Of course, besides its usefulness to writers, people that are actually, you know, looking for jobs might appreciate the link, too. Being the lucrative, high-demand profession that independent filmmaking is, though, I doubt many readers of this blog would ever need to use the site in this way.

Pulling Focus

Tuesday, October 16th, 2007

Focus is such a downright elemental part of the filmmaking process that it’s often taken for granted. Like sound, most moviegoers only notice it when it’s bad.

Aside from the occasional rack-focus, the work of a good 1st AC (or whoever’s pulling the focus) probably shouldn’t call attention to itself. And yet it’s work that takes nimble hands, good eyes, and a near-balletic sense of timing and movement.

I enjoyed FresHDV’s latest 3-part tutorial with Bob Sanchez on The Art of Focus Pulling, in which the FresHDV guys document Sanchez revealing how he approaches his work and some tricks of the trade.

Here are the links:

Part 1
Part 2
Part 3

Aside from learning some things, after watching the series I went away appreciating even more how, when it’s done right, the craft/art of it is simultaneously invisible and right before your eyes. How’s that for a paradox?

Update from Matt Jeppsen of FresHDV:

When we posted the last clip in our three-part “Art of Pulling Focus” series, I had quite a few people e-mail me and specifically ask for a quicktime and/or HD version. Well at long last, here it is. We’re sharing the 15-min Part 3 hands-on demonstration video as a 720p H.264 clip, available here.

Filmmaking and the Environment

Saturday, October 13th, 2007

As you probably heard yesterday, the Nobel Peace Prize was awarded to UN Intergovernmental Panel on Climate Change and Al Gore. I’ve not always been a big supporter of Al’s, but I was definitely feeling some pride for the local boy done good (the second native Tennesseean to be awarded the Peace Prize, actually.).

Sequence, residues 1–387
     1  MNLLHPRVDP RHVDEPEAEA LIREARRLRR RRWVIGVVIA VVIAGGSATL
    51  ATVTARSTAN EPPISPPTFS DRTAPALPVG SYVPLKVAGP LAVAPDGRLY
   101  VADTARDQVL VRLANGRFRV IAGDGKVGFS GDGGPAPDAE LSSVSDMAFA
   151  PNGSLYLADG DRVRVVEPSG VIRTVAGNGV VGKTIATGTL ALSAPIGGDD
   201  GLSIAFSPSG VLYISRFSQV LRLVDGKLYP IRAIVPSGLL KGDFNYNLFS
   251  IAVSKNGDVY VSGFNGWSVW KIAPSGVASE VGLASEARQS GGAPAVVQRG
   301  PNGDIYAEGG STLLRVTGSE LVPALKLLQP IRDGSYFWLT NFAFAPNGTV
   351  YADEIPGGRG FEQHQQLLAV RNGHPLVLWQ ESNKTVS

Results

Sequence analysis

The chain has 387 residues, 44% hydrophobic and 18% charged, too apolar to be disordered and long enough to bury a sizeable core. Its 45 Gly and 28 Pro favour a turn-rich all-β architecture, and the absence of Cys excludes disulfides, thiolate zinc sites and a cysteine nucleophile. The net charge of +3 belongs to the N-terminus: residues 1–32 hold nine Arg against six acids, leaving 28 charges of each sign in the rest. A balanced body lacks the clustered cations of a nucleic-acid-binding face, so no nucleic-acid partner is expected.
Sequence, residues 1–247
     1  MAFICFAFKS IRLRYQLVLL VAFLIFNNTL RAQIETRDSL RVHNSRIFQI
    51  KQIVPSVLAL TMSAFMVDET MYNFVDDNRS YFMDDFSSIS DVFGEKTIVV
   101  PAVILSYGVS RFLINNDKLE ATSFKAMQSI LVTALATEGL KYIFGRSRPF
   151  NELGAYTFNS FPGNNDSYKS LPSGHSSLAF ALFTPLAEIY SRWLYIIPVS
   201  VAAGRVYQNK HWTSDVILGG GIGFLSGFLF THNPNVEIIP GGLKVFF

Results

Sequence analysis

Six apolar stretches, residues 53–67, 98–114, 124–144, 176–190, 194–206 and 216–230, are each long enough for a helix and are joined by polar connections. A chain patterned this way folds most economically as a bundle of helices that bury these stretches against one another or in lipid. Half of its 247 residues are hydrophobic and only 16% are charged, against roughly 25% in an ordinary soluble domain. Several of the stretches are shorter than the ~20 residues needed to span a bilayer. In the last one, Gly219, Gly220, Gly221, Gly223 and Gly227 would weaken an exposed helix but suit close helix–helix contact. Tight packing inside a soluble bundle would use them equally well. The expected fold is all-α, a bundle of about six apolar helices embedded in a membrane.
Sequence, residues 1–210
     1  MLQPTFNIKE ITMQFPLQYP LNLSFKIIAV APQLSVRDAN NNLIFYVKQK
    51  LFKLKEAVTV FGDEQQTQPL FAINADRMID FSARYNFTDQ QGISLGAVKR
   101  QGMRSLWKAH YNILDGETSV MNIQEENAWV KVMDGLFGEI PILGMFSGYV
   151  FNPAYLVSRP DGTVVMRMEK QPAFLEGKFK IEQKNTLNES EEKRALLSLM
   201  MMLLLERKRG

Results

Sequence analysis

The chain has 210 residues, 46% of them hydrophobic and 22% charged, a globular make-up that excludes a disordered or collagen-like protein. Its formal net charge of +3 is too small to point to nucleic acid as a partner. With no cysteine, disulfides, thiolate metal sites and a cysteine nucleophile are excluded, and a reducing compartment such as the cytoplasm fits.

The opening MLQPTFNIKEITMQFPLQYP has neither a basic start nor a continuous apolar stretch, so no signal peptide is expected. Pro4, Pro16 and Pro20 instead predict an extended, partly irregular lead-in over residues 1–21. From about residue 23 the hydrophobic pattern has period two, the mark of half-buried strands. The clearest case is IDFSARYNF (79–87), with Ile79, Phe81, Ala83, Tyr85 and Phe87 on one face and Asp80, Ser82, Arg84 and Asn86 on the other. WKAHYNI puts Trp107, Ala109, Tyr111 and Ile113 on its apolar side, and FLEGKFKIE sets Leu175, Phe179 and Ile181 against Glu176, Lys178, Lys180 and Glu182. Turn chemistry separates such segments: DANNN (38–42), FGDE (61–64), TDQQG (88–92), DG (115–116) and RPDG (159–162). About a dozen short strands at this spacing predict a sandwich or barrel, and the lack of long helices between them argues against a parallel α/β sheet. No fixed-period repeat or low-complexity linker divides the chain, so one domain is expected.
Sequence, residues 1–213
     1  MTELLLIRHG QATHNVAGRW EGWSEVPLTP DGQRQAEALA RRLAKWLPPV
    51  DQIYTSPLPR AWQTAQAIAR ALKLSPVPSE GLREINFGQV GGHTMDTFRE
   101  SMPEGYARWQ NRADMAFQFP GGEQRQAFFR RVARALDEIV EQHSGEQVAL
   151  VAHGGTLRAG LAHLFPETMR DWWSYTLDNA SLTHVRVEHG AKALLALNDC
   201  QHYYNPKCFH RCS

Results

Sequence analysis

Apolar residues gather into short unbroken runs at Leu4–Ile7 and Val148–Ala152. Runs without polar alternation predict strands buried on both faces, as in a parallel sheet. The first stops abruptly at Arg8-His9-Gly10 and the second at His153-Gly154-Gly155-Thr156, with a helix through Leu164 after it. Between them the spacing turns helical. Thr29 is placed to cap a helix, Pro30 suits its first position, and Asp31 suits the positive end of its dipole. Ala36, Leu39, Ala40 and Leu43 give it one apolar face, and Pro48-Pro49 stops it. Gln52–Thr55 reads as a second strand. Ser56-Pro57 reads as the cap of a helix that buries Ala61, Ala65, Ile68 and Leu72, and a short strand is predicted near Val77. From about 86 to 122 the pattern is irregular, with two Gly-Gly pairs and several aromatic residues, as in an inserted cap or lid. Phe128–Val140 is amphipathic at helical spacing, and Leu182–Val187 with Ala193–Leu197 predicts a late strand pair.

Though the press reports usually got it wrong, as AJ Schnack reminded everyone yesterday, Gore did not win an Oscar for An Inconvenient Truth (because he didn’t direct it), but I have little doubt that the film — because of how it drew attention to the cause of global warming, and because it drew attention to Gore’s advocacy in the process — was a factor in Gore sharing this year’s Peace Prize. Looking over the list of previous Peace Prize winners, I couldn’t think of another instance in which cinema played such a central role in the awardee’s recognition.

Anyway, in the spirit of the announcement, I thought I would share some links and notes on environmentally-friendly filmmaking for those folks out there that, whether or not they like Al Gore, accept the findings of hundreds and hundreds of scientists from around the world that shared the Peace Prize for their work on man-made climate change research…